22 February 2006 Application of confocal microscopy on glutamate-induced intracellular calcium transient in neurons
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Abstract
Intracellular calcium, as an important second messenger, plays a significant role in cell signaling transduction and metabolism. Glutamate can induce the intracellular calcium transient through triggering diverse signaling pathways. To test the effect of glutamate to neurons, we loaded Fluo-3/Am in cultured rat hippocampal neurons, and then acquired two-dimensional fluorescent image by confocal microscopy and the analyzed fluorescent intensity. In cultured neurons, we observed two types of neurons that have different morphology: bipolar-type and pyramidal-type. Inducing [Ca2+]i transient by glutamate, we found the amplitude and time constant of the response curves of bipolar neurons are larger than those of pyramidal neurons. Further, we induced [Ca2+]ii transient under different concentrations of glutamate. Two different types of kinetic of the [Ca2+]i transient have been found, corresponded to the two kinds of neuron. The amplitude of [Ca2+]i transient increased when applying higher concentration of glutamate in pyramidal neurons; while it decreased in bipolar ones. Responses of neurons bathing in calcium-free extracellular solution to glutamate were different from those bathing in normal solution. [Ca2+]i transient of pyramidal neurons caused by any concentration were totally blocked; while [Ca2+]i transient in bipolar neurons caused by high concentration of glutamate (500μM) were partly inhibited. All of the phenomena suggest that different types of cultured hippocampal neurons may have different mechanism of the response to glutamate.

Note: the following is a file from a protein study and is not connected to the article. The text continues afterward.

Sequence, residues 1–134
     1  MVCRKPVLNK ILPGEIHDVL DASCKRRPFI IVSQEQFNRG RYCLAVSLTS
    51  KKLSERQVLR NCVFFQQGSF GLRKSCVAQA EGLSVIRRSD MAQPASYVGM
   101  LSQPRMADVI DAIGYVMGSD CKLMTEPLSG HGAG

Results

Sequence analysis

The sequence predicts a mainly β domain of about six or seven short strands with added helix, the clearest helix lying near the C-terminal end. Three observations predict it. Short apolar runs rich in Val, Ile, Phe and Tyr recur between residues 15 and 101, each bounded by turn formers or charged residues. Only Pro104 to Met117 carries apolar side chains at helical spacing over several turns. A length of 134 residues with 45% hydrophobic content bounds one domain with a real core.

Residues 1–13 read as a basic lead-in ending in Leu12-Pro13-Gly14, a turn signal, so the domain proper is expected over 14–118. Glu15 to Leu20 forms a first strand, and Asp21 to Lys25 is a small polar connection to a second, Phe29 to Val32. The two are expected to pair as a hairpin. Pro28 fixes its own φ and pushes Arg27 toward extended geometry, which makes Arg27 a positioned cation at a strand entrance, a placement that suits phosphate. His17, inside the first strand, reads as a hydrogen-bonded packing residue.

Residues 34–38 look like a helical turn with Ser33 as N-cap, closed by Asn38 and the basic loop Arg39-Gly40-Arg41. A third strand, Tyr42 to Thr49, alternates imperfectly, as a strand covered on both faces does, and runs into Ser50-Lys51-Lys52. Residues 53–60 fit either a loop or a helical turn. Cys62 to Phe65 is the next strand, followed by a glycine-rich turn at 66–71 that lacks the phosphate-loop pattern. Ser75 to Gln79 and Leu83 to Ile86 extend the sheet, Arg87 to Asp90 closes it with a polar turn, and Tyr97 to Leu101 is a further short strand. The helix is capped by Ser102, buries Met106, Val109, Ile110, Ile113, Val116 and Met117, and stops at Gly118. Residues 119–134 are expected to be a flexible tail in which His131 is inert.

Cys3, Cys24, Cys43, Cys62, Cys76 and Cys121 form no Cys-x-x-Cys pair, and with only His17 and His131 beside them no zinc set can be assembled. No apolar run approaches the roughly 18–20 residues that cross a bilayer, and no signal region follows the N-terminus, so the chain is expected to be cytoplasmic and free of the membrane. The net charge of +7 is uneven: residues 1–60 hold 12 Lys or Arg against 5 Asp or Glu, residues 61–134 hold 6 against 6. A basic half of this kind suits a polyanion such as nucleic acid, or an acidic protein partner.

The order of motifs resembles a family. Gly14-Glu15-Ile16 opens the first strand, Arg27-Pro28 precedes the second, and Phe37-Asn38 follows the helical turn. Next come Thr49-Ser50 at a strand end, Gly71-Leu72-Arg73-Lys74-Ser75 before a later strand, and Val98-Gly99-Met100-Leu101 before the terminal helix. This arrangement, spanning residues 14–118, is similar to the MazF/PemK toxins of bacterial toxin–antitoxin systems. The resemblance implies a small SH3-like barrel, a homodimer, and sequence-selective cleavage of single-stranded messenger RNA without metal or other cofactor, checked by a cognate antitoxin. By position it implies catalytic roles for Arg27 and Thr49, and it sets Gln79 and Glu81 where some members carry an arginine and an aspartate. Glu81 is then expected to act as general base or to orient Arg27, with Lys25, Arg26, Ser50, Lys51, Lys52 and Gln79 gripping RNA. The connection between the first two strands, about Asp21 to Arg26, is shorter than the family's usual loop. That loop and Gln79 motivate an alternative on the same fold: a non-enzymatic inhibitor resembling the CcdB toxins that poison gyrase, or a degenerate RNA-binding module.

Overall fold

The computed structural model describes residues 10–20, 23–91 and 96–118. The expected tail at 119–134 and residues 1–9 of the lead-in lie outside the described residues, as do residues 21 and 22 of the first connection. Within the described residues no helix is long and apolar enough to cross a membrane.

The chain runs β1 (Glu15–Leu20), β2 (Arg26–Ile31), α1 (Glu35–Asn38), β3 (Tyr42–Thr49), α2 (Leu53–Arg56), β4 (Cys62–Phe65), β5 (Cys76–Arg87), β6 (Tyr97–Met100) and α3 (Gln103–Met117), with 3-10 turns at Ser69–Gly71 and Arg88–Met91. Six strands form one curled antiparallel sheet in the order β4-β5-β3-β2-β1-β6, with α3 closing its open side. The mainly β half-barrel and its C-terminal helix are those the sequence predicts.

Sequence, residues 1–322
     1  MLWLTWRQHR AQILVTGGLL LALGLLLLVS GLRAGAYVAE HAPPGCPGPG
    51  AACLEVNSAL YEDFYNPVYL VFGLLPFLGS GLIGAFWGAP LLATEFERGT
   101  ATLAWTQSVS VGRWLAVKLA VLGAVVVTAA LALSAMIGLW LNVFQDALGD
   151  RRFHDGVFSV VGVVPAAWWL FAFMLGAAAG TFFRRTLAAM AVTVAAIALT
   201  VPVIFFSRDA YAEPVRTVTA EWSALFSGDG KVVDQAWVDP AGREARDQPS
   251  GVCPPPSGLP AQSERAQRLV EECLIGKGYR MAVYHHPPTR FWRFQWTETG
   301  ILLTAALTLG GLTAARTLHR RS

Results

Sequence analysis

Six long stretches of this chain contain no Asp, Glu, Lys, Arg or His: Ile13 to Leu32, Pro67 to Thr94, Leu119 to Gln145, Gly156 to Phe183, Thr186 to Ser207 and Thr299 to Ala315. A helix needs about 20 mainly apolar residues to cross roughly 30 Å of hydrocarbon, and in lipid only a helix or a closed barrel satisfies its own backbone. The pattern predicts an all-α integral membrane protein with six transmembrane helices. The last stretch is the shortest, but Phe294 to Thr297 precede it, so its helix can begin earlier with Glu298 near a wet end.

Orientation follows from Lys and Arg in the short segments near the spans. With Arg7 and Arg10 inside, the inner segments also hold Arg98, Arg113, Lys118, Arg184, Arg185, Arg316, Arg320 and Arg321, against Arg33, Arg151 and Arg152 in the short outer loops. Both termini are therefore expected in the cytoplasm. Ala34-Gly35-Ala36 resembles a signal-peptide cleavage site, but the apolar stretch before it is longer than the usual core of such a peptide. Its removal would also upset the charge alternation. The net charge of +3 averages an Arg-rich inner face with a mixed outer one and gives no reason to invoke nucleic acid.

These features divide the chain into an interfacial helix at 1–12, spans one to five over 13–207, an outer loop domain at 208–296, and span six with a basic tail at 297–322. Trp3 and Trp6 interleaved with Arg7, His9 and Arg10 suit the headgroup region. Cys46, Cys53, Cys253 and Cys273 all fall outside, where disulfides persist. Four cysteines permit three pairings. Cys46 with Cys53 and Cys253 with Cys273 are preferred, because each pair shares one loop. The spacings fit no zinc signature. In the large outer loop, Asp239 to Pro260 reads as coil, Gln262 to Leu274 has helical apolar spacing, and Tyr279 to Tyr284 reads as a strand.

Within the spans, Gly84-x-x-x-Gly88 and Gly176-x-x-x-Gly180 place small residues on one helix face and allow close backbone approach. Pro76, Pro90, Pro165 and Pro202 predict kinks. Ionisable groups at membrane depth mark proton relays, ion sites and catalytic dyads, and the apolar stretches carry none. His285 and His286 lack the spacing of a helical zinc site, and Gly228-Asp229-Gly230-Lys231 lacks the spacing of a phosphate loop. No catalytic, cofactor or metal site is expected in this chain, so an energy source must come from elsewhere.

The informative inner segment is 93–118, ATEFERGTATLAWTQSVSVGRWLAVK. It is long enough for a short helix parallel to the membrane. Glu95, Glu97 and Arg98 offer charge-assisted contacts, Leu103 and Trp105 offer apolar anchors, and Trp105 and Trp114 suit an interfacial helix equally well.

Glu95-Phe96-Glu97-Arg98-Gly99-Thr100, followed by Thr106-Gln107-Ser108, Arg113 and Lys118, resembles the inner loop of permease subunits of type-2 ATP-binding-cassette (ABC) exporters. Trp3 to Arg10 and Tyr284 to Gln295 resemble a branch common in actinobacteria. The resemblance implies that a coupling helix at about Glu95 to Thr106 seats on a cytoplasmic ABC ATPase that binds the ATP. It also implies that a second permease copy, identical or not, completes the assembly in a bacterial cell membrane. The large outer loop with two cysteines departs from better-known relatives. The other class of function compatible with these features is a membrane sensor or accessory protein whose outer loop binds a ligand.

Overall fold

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Geng Zhu, Wei Zhou, Yuan Zhang, Xiuli Liu, Yuxiang Wu, Qingming Luo, "Application of confocal microscopy on glutamate-induced intracellular calcium transient in neurons", Proc. SPIE 6088, Imaging, Manipulation, and Analysis of Biomolecules, Cells, and Tissues IV, 60881J (22 February 2006); doi: 10.1117/12.647145; https://doi.org/10.1117/12.647145
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